It is time for another edition of “Random Samples”–I occasionally get samples from marketing agencies and/or producers, and these can often be grouped together into some sort of over-arching theme: Drink Them and It Will Come, Summer is Here, So That Means (More) Rosé, If It Doesn’t Sparkle, It Doesn’t Matter.
Other times, I get just a bottle or two that do not have any apparent connection or link. Instead of holding on to those bottles until the “right” combination comes along, I decided to link all these “random” bottles together, making their own category (and, being the math geek that I am, “random sample” has a bit of a double entendre.
2017 Bishop’s Peak (Talley Vineyards) Chardonnay San Luis Obispo County: Retail $24. Under screw. Great tropical notes, a bit of citrus, and just a hint of vanilla in the glass. Great tartness and freshness with considerable minerality. While the Anything But Chardonnay crew might eschew this out of principle, it certainly has merits that would encourage those dissidents to reconsider. Bright, tart, and nowhere near oaky, this is a stellar wine at a more than reasonable price. Very Good. 87-89 Points.
2014 Clos De La Tech Pinot Noir Santa Cruz Mountains Estates, CA: Retail $50. I started receiving Clos de la Tech samples a couple of years ago and when I got that first bottle, I had never heard of the brand. Now? It is one of the wines that I open with intense anticipation. Sure, there is the Big Ass Bottle (B.A.B.) which serves absolutely no purpose other than increasing its carbon footprint significantly. The wine though? Fantastic as always. Rich dark fruit, hints of menthol, earth. Stellar. And a Whoa. Excellent. 92-94 Points.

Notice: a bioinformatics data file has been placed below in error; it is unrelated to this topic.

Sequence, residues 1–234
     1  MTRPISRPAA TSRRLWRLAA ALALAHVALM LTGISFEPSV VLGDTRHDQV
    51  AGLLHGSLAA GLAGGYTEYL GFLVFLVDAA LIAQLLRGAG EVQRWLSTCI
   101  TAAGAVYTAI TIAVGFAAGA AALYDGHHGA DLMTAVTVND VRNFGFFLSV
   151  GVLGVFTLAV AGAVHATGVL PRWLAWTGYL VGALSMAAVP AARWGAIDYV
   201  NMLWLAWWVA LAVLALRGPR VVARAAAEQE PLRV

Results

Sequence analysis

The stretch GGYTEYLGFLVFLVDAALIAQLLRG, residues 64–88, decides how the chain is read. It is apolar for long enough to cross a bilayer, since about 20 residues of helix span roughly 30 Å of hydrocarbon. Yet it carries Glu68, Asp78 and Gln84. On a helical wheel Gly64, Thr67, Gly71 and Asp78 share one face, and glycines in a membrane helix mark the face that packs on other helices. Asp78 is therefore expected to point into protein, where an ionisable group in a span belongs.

2017 Ferrari-Carano Chardonnay, Sonoma County, CA: Retail $23. Don Carano died a little over two years ago, but the winery he built with his wife Rhonda lives on. This screwtop Chard at $23 is certainly a bargain: bright lemon curd, minerality, and touches of vanilla and butter on the nose with all that and just slight hints of oak (21% new French) on the palate. This is certainly a New World, even “California” Chardonnay with the oak and malolactic fermentation (85%), but it is far, even very far, from an oak or butter bomb. This is particularly delicious. Very Good to Excellent. 89-91 Points.
2016 Frank Family Vineyards Zinfandel, Napa Valley, CA: Retail $38. 91% Zinfandel, 9% Petite Sirah. A bit of a B.A.B (Big Ass Bottle), but the aromas emanating from this rather dark elixir are enchanting: cassis, vanilla, spice. Yowza. The palate is equally enticing: great fruit, nice acidity, depth. It’s all there. Fantastic. Excellent. 90-92 Points.
NV Francois Montand Crémant du Jura Blanc de Blancs Brut, France: Retail $24. Colombard, Ugni Blanc, and Chardonnay. Light straw in the glass with citrus and green apple, this is a ubiquitous French sparkler that really delivers at the price. Whether an office party, a niece’s wedding, or just a Tuesday night this is always consistent and always good. Tart with a touch of sweetness and ample fruit, this is not a world-beater, but it is French, and it has bubbles. ‘Nuff said. Very Good. 87-89 Points.
2018 Renzo Masi Chianti Rùfina, Italy: Retail $12. 95% Sangiovese, 5% Colorino. I wouldn’t say that I drink a ton of Chianti, but I have been around that block numerous times. Rùfina is one of the smallest DOCG sub-zones in Chianti, but it is perhaps the best known in this country (Chianti Classico is its own DOCG region–it’s not a sub-region of Chianti–confused yet?). It is also at a higher elevation which means the Sangiovese can ripen a bit more slowly, resulting in deeper flavors and more complex wines. While this is not the tastiest Chianti I have ever tried, it certainly has its merits: subtle fruit, great acidity, soft tannins. It might improve in the short-term, but it is quite good now. Good to Very Good. 86-88 Points.
2018 Peter Zemmer Pinot Grigio Alto Adige – Südtirol, Italy: Retail $16. Under screw. By this point, I have had numerous wines and vintages from Peter Zemmer, and every bottle has been stellar. This is another. Bright Meyer lemon and minerality on the nose. The palate is tart and fresh, but could use a tad more acidity. But I nitpick, this is another stellar wine from the House, and a bargain at its suggested retail. Very Good to Excellent. 88-90 Points.